Code:
    wget http://www.fdos.org/bootdisks/autogen/FDOEM.144.gz
    gunzip FDOEM.144.gz
    Now mount the image so that you have access to it:

    Code:
    mkdir /tmp/floppy
    sudo mount -t vfat -o loop,quiet,umask=000 FDOEM.144 /tmp/floppy
    Put the files in the floppy image by placing them in the folder where you just mounted the image. For my Foxconn motherboard, this was:

    Code:
    unzip Motherboard.zip -d /tmp/floppy
    Now that the BIOS updating files are on the floppy image, unmount it and move it to the /boot/ directory so that GRUB can use it to boot:

    Code:
    sudo umount /tmp/floppy
    rmdir /tmp/floppy
    sudo mv FDOEM.144 /boot/biosupdate.img
    For GRUB to boot the disk, it needs memdisk. This is in the syslinux package, so install it (if necessary) and copy memdisk to where GRUB can get to it easily:

    Code:
    sudo apt-get install syslinux
    sudo cp /usr/lib/syslinux/memdisk /boot/
    Finally, we need to add the boot-screen option to boot up our bios update disk, so open the GRUB menu:

    Code:
    sudo gedit /boot/grub/menu.lst
    and add the following lines at the end of the file (after the line "### END DEBIAN AUTOMAGIC KERNELS LIST"):

    Code:
    title       BIOS upgrade
    kernel      /boot/memdisk
    initrd      /boot/biosupdate.img
    Note that for nonstandard installations where the standard boot options are not executed from the path /boot/, you will need to modify the paths above correspondingly. For example, I have /boot/ on its own partition, and instead of seeing the default "/boot/initrd.img-2.6.28-13-generic" as a boot path in /boot/grub/menu.lst, I saw "/initrd.img-2.6.28-13-generic". This meant that the paths had to be put in as "/memdisk" instead of "/boot/memdisk".

    Reboot, and you should have the option to select "Bios Update" from the GRUB boot menu.

    EDIT: Also, in addition to the posts linked to from the first post, this post was helpful in coming up with this method:
    https://lists.ubuntu.com/archives/ub...ry/003637.html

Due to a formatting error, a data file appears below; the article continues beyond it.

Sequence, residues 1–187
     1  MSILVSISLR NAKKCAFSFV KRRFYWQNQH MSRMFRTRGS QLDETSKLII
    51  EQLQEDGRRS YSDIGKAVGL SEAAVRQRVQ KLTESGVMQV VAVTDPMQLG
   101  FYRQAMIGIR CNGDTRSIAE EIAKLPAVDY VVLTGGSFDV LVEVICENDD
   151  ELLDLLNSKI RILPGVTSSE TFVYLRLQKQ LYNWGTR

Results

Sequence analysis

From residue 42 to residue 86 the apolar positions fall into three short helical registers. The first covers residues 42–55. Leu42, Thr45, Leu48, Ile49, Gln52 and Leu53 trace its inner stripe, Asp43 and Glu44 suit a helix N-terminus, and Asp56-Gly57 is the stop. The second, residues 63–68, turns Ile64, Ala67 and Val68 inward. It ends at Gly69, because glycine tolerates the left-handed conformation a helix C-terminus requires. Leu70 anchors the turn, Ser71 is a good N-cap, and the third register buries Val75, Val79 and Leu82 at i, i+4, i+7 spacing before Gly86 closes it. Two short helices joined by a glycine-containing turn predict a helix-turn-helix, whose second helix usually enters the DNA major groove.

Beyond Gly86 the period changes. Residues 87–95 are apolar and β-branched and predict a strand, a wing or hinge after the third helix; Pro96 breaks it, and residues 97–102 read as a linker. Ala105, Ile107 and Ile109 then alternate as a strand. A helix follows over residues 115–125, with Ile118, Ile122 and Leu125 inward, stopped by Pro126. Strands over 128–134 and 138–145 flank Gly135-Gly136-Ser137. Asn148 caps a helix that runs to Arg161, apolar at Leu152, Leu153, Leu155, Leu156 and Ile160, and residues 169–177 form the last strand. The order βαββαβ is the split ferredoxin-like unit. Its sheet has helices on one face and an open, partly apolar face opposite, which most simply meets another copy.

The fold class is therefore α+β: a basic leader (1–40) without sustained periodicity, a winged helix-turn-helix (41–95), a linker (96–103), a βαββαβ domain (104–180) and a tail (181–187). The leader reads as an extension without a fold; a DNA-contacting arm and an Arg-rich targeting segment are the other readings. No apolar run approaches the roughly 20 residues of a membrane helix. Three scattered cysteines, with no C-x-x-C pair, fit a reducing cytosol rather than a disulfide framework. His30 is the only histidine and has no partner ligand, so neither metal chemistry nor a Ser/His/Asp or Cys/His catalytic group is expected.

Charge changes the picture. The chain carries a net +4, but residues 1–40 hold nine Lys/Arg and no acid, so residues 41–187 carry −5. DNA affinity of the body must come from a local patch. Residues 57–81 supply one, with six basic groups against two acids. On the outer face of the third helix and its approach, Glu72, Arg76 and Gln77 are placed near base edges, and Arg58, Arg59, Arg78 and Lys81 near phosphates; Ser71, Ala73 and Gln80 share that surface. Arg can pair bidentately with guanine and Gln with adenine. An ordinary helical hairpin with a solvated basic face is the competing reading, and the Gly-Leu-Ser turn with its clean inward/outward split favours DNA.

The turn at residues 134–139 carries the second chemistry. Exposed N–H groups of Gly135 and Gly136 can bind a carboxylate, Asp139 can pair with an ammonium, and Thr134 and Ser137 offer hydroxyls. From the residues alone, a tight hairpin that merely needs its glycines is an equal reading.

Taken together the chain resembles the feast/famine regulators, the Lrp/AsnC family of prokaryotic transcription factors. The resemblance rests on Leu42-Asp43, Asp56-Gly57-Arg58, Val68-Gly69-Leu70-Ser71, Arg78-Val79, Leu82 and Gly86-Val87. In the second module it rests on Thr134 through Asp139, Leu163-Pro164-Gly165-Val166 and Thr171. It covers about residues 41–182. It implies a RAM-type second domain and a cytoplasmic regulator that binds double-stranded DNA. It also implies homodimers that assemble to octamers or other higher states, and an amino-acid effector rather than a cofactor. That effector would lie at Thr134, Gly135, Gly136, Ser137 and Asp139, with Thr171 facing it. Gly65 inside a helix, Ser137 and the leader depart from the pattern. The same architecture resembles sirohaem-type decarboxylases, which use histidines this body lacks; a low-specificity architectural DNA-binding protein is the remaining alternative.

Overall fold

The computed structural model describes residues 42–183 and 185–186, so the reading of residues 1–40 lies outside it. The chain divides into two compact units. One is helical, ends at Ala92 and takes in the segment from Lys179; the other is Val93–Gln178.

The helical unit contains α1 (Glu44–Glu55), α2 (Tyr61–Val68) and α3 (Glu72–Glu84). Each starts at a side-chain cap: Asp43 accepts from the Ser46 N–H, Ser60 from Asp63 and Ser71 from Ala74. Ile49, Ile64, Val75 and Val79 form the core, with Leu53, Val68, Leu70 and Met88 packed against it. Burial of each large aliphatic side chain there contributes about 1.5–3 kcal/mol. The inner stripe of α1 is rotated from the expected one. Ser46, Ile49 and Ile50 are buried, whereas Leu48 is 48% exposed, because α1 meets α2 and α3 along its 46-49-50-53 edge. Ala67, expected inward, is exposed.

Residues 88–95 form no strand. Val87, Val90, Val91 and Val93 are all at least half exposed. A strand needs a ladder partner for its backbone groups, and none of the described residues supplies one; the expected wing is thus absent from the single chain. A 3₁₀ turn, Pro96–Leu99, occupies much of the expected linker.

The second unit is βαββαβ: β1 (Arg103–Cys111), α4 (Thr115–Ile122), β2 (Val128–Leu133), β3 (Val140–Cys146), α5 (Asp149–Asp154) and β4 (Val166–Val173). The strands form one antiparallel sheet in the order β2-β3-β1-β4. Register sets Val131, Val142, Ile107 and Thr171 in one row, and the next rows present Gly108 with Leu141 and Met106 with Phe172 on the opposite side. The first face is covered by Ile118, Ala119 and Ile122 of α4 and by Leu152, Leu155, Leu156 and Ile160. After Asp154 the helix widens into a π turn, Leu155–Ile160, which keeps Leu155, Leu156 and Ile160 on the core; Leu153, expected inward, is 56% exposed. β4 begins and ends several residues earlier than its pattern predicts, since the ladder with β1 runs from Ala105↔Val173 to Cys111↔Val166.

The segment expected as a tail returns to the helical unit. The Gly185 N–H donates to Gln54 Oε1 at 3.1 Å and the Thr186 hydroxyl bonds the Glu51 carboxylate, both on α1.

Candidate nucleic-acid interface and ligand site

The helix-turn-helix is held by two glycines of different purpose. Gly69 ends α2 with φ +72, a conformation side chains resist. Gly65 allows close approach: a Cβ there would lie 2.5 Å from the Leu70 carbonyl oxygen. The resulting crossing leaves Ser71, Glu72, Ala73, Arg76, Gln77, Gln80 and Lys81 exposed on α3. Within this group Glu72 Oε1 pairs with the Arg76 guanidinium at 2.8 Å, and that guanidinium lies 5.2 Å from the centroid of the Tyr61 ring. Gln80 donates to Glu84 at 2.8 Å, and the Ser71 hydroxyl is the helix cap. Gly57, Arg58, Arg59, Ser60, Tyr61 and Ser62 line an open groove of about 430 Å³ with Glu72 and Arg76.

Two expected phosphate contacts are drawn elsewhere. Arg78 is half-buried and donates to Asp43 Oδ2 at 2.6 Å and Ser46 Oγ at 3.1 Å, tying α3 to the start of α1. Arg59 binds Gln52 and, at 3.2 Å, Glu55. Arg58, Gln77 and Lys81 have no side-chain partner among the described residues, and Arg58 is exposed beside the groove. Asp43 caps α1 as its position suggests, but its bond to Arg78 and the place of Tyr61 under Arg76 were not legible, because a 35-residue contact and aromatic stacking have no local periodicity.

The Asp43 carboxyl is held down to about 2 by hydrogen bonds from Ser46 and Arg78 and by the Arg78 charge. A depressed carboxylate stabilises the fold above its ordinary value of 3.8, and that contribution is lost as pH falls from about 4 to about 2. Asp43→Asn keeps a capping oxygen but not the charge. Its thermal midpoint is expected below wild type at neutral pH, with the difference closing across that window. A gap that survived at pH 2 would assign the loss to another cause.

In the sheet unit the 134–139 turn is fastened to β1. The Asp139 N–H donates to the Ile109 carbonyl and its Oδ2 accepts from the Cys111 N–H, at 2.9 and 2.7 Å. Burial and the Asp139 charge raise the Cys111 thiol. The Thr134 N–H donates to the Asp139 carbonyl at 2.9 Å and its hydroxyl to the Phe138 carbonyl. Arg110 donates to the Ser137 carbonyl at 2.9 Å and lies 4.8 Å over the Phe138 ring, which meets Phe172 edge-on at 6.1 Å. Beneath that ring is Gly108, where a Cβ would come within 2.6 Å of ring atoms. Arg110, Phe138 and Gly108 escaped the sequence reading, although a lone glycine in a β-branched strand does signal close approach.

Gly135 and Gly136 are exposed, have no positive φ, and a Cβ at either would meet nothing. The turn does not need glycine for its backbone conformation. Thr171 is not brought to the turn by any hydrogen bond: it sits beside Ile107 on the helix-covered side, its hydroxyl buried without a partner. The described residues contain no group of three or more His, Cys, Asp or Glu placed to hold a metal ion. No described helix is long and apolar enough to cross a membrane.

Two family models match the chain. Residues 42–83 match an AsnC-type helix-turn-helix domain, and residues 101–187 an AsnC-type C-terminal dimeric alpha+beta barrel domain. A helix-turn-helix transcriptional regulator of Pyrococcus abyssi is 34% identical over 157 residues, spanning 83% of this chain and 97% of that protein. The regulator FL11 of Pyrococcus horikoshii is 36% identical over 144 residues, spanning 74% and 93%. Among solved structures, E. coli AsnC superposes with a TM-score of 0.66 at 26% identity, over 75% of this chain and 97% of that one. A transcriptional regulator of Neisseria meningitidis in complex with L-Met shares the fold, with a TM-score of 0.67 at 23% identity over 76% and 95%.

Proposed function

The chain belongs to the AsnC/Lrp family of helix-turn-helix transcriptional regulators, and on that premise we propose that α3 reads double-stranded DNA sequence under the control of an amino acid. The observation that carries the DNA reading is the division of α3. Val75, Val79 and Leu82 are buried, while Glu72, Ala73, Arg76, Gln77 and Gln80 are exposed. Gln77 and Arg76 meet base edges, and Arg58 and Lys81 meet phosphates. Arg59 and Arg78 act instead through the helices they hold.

Last edited by Eric89GXL; July 10th, 2009 at 05:46 PM.

  7. #87
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    Re: HOWTO: Flash BIOS, The Ubuntu Way

    That is very cool. Thank you, Eric89GXL.

  8. #88
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    Ubuntu 14.04 Trusty Tahr

    Re: HOWTO: Flash BIOS, The Ubuntu Way

    @Eric89GXL,

    Well done! Will incorporate into tutorial. Thanks for sharing this

  9. #89
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    Re: HOWTO: Flash BIOS, The Ubuntu Way (Compaq Presario)

    This is a helpful post, but there was an issue for my situation I had to approach another way.

    My Compaq Presario V6000 (AMD 64) had problems and needed a flash upgrade. Dual boot with Vista and Ubuntu 9.04. The Windows Vista partition was dead.

    Unfortunately for me, HP uses an .exe flash utility that only works in a Windows environment: WinPhlash. The best solution is to use a Windows boot disk, which you can make with BartPE. But my laptop wouldn't read any Windows boot disks from CD or USB.

    Solution:

    After much trial and error and Web research, I hit upon a flash solution that works with HP and Compaq laptops. Here's a short list of steps:

    1. Download the HP Bios upgrade .exe file for your model from www.hp.com.
    2. Extract all the files.
    3. HP Bios files have the extension .WPH (i.e. 30B7F42.WPH) - make a note of the file. It should be about 1MB.
    4. Search the Web for the Phoenix DOS flash utility phlash16.exe and download.
    5. Search and download a DOS boot disk image (iso file)
    6. Use an Ubuntu utility such as ISO Master to add the bios file (.WPH) and the Phlash16.exe program to the DOS boot disk image.
    7. Burn the image to a CD (I like to use a read/write CD if getting the image right takes several tries)
    8. Shut down the machine
    9. Boot to the CD. Dos will load.
    10. At the command line type "phlash16 ########.wph /X" (Notes: substitute the name of your bios file for #; the /X switch is needed for phlash16 to work, bypassing HIMEM)

    Follow the prompts - a lot of beeping later, your HP or Compaq laptop will be reflashed.

  10. #90
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    Re: HOWTO: Flash BIOS, The Ubuntu Way

    I tried the method described by Eric89GXL, but the BIOS files were Win32. After poking around in the BIOS files, I found the boot disk image. After verifying the image was correct, I copied it to /boot/biosupdate.img instead. When I rebooted into it it worked perfectly.

    So, following his instructions and using the boot disk image directly from the manufacturer worked perfectly. It may be a better/easier method for others, since any new BIOS updates can be performed by copying the new bootdisk image to /boot/biosupdate.img, then rebooting into it.